Woman dies after trying to rescue cat from tree
A Wellington woman who died of injuries suffered while trying to rescue her cat from a cabbage tree had been stuck in its branches for up to two hours before she was found.
Gaylene Dunne, 55, died in December 2014 of complications to a muscle injury to her foot after it became stuck where the tree split in two branches in a 'y' shape, a coronial report has ruled.
Her sister has since questioned whether Masterton Hospital's care of Dunne showed enough urgency for her sister's deteriorating condition, however coroner T Scott ruled the hospital's care was adequate.
Her neighbour found her up to two hours after she became stuck.
Dunne told the neighbour she had been trying to rescue her cat, who she lived alone with, when her foot got wedged in the tree.
The neighbour had gone searching for the source of a loud banging noise, which is how she came to find Dunne in the tree half an hour later, banging on a corrugated iron fence in her back garden.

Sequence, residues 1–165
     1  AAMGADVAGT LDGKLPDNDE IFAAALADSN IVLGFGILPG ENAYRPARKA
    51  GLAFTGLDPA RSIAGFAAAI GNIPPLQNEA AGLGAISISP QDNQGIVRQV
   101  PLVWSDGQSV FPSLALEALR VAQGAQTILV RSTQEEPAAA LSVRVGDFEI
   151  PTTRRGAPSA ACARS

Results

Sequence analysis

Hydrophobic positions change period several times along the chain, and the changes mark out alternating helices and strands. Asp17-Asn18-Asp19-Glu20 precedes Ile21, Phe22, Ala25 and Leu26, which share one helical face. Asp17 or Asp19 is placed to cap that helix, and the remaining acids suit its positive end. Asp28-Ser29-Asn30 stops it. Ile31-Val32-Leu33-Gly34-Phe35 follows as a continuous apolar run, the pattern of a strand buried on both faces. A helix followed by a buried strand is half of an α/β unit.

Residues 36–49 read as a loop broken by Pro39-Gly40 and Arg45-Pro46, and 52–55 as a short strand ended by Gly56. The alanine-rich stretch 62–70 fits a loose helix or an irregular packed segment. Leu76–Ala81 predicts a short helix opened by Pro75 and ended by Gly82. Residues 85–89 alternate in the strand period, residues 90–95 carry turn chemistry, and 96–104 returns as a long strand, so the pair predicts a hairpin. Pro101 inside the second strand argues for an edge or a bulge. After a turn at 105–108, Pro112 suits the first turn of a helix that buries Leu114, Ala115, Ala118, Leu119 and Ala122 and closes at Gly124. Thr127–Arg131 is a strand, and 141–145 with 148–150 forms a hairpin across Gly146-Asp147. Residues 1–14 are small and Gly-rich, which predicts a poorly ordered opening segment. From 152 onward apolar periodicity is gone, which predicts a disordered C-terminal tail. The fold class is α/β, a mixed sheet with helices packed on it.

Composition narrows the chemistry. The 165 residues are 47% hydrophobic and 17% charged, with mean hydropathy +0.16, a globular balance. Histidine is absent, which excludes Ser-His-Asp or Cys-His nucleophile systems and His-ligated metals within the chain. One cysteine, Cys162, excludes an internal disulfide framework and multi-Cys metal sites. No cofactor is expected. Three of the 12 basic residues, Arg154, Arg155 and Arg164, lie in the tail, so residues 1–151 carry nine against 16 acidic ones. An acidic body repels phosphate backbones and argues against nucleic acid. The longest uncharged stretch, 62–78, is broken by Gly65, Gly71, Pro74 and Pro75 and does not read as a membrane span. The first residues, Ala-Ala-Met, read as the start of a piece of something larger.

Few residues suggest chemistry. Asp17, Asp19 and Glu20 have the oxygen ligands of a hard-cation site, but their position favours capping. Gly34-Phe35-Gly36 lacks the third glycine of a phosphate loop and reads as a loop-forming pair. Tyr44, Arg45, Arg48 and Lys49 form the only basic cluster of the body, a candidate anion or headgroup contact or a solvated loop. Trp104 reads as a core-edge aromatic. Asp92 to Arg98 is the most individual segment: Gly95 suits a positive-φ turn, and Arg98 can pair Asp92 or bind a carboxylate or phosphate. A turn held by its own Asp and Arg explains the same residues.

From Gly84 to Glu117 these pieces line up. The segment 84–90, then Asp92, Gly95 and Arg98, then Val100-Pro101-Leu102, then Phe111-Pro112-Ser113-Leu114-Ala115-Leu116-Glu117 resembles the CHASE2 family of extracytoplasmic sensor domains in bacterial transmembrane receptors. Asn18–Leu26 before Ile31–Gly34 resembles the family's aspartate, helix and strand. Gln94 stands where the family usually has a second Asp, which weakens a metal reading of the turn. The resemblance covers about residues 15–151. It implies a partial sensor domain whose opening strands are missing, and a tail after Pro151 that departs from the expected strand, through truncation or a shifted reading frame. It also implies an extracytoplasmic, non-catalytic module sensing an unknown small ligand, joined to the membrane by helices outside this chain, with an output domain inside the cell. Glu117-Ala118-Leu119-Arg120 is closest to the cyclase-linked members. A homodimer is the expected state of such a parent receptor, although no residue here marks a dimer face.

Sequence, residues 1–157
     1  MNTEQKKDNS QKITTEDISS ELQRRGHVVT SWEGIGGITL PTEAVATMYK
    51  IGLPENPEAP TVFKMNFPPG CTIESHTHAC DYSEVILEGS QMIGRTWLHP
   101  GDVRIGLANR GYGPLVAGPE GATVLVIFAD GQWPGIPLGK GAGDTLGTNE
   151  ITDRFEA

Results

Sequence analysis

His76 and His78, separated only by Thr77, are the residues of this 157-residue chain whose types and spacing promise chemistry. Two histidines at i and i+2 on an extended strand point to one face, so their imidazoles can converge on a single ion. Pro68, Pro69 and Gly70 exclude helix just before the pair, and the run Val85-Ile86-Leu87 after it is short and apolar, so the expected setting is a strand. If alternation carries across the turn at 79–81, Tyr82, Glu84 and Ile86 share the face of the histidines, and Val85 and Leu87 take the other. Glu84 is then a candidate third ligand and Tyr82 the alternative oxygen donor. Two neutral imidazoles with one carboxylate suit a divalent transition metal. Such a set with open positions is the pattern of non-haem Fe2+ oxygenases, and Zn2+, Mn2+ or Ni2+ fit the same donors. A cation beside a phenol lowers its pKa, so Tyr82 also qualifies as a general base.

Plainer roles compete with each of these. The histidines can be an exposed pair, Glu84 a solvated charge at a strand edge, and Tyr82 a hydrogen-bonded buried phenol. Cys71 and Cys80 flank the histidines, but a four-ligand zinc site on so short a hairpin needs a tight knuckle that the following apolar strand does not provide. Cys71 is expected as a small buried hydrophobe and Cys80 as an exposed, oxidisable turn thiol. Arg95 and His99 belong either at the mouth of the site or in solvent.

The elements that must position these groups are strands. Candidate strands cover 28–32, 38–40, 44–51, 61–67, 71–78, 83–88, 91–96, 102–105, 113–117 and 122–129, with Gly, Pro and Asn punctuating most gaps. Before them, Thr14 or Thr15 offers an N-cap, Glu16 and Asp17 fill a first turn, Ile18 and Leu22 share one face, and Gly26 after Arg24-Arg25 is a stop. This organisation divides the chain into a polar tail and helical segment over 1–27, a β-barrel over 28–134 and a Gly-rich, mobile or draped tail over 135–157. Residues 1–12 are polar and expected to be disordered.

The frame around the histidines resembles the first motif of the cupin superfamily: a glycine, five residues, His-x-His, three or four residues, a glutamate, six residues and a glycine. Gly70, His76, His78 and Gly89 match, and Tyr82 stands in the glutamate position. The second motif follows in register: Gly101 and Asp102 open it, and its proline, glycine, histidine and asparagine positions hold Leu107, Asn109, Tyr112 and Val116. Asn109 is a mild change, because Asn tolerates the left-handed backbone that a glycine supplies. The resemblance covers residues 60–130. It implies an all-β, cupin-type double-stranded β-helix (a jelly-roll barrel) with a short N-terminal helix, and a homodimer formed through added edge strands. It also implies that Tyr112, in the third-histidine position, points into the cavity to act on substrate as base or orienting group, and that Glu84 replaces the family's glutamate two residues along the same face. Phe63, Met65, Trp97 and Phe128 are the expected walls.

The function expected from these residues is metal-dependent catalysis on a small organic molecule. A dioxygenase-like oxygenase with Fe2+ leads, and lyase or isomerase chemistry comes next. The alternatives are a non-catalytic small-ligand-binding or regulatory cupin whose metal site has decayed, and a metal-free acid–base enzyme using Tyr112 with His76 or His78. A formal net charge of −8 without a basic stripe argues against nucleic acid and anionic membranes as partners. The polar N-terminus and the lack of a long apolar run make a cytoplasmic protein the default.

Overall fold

Dunne, her neighbour and a third man were all unable to free her foot from the tree and the fire service and ambulance were called.
When the ambulance arrived shortly after 9pm, Dunne was unable to bear weight on her right leg and her right foot was swollen and bruised, but she otherwise seemed ok.
Then her heart rate became elevated and the level of oxygen in her blood dropped lower than normal.
Because of this, she was taken to Masterton Hospital, where she was kept overnight.
By 1.30am her vital signs were noted as deteriorating. In particular Dunne was short of breath and her inner legs had bruising.
At 7.30am she was transferred by helicopter to Wellington Hospital's ICU, where she died that afternoon.
The coroner's finding ruled her death as a result of 'rhabdomyolosis', a condition where skeletal muscle breaks down rapidly.
The condition can be caused by a crush injury.
Her sister questioned the adequacy of Masterton Hospital's care and whether they had acted in a timely manner in treating her sister.
An investigation by a police forensic inspection monitor was critical of the hospital's record keeping and their underestimation of the shock Dunne had been in but concluded the standard of care was adequate.
The officer said he did not think Dunne being transferred to Wellington Hospital earlier was likely to have changed the outcome.